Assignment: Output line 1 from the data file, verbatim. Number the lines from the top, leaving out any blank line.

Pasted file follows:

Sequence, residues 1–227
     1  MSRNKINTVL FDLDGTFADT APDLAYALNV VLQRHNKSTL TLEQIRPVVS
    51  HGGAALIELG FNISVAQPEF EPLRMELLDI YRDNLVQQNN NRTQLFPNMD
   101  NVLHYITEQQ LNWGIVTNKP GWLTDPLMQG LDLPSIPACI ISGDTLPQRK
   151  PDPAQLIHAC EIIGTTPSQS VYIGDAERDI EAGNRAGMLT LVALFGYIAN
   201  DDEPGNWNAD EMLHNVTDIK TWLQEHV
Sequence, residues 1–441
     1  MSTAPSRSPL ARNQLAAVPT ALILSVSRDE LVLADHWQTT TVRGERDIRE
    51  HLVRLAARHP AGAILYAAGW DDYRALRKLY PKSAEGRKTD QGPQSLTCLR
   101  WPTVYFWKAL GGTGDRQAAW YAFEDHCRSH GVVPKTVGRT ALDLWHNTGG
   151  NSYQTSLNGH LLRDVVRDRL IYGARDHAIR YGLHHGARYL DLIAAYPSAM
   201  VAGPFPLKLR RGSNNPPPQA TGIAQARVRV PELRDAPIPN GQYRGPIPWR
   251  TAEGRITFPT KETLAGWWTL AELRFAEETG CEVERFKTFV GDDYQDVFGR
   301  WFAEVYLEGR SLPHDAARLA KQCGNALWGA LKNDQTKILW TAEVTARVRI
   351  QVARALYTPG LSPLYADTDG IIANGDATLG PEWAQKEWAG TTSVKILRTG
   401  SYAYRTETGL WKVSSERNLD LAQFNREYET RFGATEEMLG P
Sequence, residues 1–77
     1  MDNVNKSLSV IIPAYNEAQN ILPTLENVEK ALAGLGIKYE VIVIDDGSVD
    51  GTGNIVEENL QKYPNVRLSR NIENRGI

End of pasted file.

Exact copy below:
Sequence, residues 1–227